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Gators' winning streak halted at 14

GEORGIA 84, FLORIDA 79: Sans 2 players, Bulldogs shock nation's No. 2 team.

By ANTONYA ENGLISH, Times Staff Writer

© St. Petersburg Times, published January 20, 2002


GAINESVILLE -- Jim Harrick wasn't very excited about coming to the O'Connell Center on Saturday.

GAINESVILLE -- Jim Harrick wasn't very excited about coming to the O'Connell Center on Saturday.

His Georgia basketball team was coming off a tough home loss Wednesday night to Alabama and still reeling from the indefinite suspension of its starting center and a reserve guard.

All he wanted was a fighting chance for his Bulldogs to rebound.

Rebound? Did they ever.

No. 20 Georgia overcame a 14-point first-half deficit and outscored the Gators 13-0 during a three-minute stretch late in the game to stun No. 2 Florida 84-79 in front of 12,375.

It is the second time in two years Georgia (15-3, 4-1 SEC) has beaten the Gators at home. The Bulldogs were the last team to beat the Gators at home dating to last season.

"I'm not sure we caught Florida at their best game, but I can't worry about that," Harrick said. "I was really proud of our players today. It has been an unbelievably emotional week for our team and to come back and give this kind of effort was tremendous."

Guard Fred Gibson, the former Georgia high school standout who committed to Florida, then changed his mind, helped win it for the Bulldogs.

Gibson scored 13 in 16 minutes, including six over the final 50 seconds. He was 4-for-4 from the line in that span, capping his final free throws with a Gator chomp that angered Florida fans.

"He's a freshman, he didn't know any better," said Florida center Udonis Haslem, who finished with 18 points and 15 rebounds. "Before it's over, he'll learn to have some respect."

Florida (15-2, 4-1) saw its school-record 14-game winning streak come to an end.

"We just did not play well," Florida coach Billy Donovan said. "The focus was there. ... But from an execution standpoint, offensively and defensively the things that we try to do, we just did not do a very good job at all."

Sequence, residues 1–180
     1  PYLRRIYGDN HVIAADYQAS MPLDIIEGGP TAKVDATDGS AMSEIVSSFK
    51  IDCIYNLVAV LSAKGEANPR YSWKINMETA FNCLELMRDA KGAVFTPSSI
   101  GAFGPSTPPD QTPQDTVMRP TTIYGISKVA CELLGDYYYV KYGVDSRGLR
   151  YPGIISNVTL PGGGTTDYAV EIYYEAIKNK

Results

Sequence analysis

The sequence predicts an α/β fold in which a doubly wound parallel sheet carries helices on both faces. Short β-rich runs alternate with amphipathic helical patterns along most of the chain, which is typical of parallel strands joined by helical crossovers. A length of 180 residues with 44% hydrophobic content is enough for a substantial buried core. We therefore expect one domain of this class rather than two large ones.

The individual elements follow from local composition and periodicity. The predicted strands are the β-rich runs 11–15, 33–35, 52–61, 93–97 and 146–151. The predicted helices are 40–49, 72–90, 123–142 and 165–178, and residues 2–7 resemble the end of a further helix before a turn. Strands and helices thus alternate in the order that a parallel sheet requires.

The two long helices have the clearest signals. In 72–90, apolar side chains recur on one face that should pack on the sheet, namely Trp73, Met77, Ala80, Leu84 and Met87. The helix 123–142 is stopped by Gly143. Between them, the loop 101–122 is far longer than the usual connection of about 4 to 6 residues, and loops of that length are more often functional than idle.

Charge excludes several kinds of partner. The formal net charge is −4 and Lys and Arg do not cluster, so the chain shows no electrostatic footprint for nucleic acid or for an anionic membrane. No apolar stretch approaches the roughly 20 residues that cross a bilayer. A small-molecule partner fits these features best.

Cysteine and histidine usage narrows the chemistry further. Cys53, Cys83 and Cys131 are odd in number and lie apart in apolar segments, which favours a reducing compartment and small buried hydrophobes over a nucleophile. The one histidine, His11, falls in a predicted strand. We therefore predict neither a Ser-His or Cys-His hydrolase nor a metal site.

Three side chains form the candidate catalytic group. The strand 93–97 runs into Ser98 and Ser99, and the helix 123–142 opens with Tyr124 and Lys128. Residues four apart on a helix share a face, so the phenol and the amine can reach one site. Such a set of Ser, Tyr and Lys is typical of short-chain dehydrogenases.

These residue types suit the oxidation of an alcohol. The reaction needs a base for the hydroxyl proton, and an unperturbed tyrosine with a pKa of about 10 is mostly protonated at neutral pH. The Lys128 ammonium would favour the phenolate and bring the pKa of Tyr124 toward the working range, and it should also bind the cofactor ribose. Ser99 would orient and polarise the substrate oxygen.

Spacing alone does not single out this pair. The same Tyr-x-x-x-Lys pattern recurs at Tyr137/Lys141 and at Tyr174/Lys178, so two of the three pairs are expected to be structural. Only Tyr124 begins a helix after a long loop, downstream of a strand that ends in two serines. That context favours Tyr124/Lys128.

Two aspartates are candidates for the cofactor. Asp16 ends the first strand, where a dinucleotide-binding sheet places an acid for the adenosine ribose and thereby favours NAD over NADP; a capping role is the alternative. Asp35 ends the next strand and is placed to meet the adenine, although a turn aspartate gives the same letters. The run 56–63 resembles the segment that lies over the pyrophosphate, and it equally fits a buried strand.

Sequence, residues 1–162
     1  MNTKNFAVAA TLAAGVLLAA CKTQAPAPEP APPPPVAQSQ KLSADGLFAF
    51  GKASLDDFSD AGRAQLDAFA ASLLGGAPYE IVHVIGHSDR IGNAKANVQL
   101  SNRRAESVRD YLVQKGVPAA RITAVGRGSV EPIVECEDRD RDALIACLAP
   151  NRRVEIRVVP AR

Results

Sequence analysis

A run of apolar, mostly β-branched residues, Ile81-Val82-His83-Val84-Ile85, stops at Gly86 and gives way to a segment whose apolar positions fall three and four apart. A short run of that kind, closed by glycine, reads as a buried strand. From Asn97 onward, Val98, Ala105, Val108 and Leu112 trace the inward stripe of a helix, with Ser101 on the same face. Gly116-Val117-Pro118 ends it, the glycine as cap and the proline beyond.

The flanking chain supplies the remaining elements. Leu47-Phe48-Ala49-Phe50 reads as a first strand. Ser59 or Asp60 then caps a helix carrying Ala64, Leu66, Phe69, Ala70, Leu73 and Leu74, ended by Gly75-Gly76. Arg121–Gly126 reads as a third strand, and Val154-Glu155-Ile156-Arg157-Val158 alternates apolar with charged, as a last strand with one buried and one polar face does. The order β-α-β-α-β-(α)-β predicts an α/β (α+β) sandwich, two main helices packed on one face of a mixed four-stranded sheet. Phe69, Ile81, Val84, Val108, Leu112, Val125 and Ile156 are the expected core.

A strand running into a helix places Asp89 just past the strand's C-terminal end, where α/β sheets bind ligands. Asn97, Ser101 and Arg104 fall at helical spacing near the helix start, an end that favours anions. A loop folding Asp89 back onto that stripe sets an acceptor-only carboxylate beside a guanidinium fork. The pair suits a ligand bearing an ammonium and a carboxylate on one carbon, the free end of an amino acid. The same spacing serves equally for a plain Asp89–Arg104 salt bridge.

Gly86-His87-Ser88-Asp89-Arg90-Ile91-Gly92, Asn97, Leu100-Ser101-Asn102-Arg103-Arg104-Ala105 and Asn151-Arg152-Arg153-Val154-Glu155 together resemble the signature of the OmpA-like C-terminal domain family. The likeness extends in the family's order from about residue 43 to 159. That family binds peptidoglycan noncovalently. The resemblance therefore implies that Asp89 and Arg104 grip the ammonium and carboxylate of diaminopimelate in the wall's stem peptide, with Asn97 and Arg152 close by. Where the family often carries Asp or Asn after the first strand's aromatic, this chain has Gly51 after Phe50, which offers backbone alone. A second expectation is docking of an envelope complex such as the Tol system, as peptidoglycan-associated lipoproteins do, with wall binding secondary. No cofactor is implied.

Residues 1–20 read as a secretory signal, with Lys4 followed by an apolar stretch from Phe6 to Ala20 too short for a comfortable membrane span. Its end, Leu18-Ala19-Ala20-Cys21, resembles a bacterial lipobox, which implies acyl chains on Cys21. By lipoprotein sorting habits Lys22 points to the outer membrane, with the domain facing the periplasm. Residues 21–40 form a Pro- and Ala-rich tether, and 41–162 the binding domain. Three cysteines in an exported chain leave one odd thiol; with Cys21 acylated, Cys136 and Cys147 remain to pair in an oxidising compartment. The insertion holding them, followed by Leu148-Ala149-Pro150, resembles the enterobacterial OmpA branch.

Junior guard LaDarius Halton was 4-of-4 from 3-point range as Florida led by 14 with 5:46 remaining in the first half and 39-36 at halftime. Georgia used a 9-1 run to end the half and took advantage of the foul trouble of Florida guards Orien Greene (six points) and Brett Nelson.

The Bulldogs altered their game plan for the second half. With tenacious defense in place, the Bulldogs' Jarvis Hayes and Ezra Williams found their stride. Hayes had 17 of his 23 points in the second half and Williams scored 13 of his 19 in the final 20 minutes. With a size disadvantage, Georgia was outrebounded 43-34, but shot 62 percent from the field in the second half.

"In the second half, we wanted to run our offense and we did," Harrick said. "And when we run our offense, we are very, very hard to beat."

A seesaw second half ensued, but with Florida leading 67-62 with 4:08 remaining, Georgia went on a 13-0 run to take a 75-67 lead. Georgia was 9-for-10 from the free-throw line in the final 37 seconds.

Florida shot 40 percent in the game, but struggled with consistency and offensive rhythm.

"We did not make shots tonight because I didn't think our shot selection was great," Donovan said. "But you have to credit Georgia because I thought they played very, very well."

Florida forward Matt Bonner scored 16 and had 12 rebounds, and Nelson added 17 points.

Georgia's Steve Thomas and Tony Cole were suspended indefinitely Wednesday pending the results of an investigation into an alleged rape.

Florida starting guard Justin Hamilton missed his second straight game because of the shoulder he separated last week.

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